Carlson: Durant, Westbrook, Collison are survivors
The argument about who has been the Thunder's most valuable player in this postseason boils down to three of the boys in blue.
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These guys are completely different players with different skill sets, different body types and different imprints on the game. But they have one very important thing in common.
Durant, Westbrook and Collison were the only players on the current roster who were here two seasons ago when the Thunder started its inaugural season with that dreadful record. It led to P.J. Carlesimo being fired. It led to Scott Brooks earning the interim coach tag. It led to Oklahoma City wondering just what kind of NBA mess it had gotten itself into.
As the Thunder prepares to open the Western Conference Finals against the Mavericks, those days seem long ago and far away.
Still, they are forever part of the 3-29 Three.
“It was tough,” Durant said. “It was tough.”
His eyes glazed a bit as he thought back.
“I had been through it the season before,” Durant said referring to an equally brutal season during his rookie year in Seattle, “and to do it back-to-back years, it was tough on us.”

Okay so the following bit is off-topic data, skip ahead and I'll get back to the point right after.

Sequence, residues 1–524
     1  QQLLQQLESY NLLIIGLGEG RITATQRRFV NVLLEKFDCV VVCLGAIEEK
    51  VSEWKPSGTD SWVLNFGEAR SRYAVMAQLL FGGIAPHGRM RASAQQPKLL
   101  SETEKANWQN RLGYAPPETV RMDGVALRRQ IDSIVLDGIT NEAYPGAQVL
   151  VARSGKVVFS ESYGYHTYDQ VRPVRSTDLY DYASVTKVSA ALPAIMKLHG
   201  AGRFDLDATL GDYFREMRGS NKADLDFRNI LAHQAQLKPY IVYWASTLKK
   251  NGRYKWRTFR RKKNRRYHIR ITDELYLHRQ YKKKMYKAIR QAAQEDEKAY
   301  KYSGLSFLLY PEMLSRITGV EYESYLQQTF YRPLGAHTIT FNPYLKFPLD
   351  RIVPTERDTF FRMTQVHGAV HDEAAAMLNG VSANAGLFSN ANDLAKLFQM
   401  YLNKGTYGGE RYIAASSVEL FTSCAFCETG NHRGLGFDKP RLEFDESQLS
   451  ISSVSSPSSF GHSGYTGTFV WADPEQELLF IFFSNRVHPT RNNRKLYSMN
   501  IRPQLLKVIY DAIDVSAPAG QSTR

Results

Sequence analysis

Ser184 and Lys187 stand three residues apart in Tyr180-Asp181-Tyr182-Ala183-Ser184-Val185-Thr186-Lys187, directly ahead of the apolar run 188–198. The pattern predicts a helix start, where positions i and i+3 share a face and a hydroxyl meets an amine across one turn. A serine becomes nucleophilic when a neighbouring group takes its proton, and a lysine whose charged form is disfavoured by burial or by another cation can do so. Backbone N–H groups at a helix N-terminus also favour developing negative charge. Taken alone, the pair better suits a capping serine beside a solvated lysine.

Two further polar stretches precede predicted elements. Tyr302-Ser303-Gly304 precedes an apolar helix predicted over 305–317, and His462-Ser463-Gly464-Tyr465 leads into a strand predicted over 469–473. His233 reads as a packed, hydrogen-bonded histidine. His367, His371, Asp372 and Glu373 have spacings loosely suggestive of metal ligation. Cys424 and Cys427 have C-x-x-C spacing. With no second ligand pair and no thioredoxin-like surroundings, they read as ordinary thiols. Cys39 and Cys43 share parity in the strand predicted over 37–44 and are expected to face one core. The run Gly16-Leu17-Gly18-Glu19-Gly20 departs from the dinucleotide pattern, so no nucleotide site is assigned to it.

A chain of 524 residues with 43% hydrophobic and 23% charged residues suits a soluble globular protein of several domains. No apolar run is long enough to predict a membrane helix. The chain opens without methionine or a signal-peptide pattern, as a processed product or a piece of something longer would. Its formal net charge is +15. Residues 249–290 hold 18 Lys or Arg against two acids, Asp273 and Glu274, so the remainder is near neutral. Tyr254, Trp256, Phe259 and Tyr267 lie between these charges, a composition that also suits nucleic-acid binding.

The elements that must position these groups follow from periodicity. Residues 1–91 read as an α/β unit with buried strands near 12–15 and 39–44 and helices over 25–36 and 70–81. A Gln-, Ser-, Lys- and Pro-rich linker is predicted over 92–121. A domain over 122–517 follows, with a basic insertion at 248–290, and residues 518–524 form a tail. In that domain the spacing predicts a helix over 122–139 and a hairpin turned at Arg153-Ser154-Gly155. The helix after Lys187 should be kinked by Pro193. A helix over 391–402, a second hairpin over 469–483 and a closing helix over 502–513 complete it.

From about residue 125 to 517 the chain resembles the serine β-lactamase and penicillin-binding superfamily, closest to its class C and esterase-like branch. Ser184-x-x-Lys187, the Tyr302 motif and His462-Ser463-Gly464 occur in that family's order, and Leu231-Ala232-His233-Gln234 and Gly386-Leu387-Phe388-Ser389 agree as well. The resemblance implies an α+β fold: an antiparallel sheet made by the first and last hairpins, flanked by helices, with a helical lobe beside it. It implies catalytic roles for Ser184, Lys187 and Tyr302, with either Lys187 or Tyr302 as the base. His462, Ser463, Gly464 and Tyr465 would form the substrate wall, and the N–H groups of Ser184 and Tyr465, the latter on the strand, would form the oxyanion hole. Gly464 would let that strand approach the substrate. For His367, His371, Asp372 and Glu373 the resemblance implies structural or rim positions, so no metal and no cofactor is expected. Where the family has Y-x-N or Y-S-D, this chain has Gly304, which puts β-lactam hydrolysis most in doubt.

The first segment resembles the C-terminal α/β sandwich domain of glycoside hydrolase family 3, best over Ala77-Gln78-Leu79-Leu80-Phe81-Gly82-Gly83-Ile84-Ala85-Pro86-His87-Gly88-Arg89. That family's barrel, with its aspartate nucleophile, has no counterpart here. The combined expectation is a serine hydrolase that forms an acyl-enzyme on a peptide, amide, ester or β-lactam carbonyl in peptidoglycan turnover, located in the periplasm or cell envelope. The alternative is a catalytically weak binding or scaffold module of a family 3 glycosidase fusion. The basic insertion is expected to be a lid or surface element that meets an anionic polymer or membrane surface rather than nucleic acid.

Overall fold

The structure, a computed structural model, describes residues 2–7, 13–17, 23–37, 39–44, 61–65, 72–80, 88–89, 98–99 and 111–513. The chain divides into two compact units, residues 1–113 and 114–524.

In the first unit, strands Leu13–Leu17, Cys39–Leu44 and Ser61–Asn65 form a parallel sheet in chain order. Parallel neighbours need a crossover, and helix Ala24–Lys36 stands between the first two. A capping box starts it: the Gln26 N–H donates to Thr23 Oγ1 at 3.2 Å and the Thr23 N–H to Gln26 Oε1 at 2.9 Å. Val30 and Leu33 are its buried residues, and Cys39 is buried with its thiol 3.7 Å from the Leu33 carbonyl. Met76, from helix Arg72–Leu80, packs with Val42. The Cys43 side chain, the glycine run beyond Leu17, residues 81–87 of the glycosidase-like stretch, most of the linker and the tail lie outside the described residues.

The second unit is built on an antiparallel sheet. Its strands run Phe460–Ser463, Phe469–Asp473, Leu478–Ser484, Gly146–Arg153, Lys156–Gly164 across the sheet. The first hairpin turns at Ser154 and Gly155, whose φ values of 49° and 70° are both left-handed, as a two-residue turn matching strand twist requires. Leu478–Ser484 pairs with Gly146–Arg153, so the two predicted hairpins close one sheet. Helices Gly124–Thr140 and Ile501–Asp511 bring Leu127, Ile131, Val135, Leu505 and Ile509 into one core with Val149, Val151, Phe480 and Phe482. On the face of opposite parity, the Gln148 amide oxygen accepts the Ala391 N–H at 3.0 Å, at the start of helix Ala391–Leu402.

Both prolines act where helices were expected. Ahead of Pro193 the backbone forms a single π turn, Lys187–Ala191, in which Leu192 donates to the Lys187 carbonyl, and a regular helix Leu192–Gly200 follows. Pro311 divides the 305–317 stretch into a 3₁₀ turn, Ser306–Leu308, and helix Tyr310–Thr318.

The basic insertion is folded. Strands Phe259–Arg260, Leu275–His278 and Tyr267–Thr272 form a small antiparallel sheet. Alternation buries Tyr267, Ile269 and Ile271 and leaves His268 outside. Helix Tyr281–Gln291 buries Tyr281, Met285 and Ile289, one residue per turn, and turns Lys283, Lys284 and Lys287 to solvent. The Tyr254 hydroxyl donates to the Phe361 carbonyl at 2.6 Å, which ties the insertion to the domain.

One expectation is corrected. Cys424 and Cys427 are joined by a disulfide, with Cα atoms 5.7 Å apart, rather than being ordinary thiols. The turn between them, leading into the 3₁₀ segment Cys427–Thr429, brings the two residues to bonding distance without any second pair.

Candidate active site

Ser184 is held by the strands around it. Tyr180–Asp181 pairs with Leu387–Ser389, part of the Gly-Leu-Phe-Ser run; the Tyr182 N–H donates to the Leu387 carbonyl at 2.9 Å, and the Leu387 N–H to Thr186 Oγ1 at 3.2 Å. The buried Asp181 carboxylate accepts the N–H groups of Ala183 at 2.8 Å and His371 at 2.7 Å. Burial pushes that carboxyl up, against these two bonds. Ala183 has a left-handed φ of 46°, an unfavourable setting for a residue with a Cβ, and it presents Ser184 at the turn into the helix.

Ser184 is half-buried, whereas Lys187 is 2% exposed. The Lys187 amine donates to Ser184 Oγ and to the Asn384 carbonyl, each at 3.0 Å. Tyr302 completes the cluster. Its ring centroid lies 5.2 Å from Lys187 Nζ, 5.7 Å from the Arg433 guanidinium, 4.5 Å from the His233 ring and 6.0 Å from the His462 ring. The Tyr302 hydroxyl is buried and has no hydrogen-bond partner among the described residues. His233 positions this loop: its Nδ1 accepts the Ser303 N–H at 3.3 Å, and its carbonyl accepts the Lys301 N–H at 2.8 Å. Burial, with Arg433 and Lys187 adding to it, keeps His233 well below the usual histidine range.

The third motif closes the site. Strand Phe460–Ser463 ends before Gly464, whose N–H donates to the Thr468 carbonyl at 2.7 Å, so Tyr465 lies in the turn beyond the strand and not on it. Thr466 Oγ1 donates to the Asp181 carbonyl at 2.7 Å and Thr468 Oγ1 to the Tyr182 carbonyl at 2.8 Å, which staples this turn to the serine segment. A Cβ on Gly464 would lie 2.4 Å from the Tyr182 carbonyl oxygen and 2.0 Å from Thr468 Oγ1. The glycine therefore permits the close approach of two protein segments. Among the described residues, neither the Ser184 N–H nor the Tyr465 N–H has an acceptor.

Westbrook said: “For me, it was surprising. I was coming from college where we didn't lose that many games in a long time.”
In two seasons at UCLA, Westbrook and his Bruins teammates lost 10 games.
The Thunder lost that many games in the first three weeks of the 2008-09 season.
By the time the team hit rock bottom — it fell to 3-29 with a 110-102 home loss against Phoenix on Dec. 29, 2008 — talk had turned to how low the Thunder could go. The Philadelphia 76ers had won an all-time worst nine games in 1972-73, and with the pace that the Thunder was on, it was going to fall well short of that nine-win plateau.
“People were saying we were going to be the worst team ever,” Durant said Sunday after the Thunder's dramatic Game 7 victory against the Grizzlies.
He glanced around the interview room, eyebrow raised.
“Especially some of you guys in this room right now.”
Guilty as charged.
But the truth is, now two seasons removed, we can see that rocky start became the cornerstone for the Thunder's success.
It wasn't rock bottom. It was bedrock.
“The thing that happened when you go through seasons like that, maybe you don't have that fear of failure as much anymore,” Collison said. “You've been embarrassed — and it's very embarrassing to be 3-29, be the worst team in the league — but once you go through that, maybe you don't have that fear.
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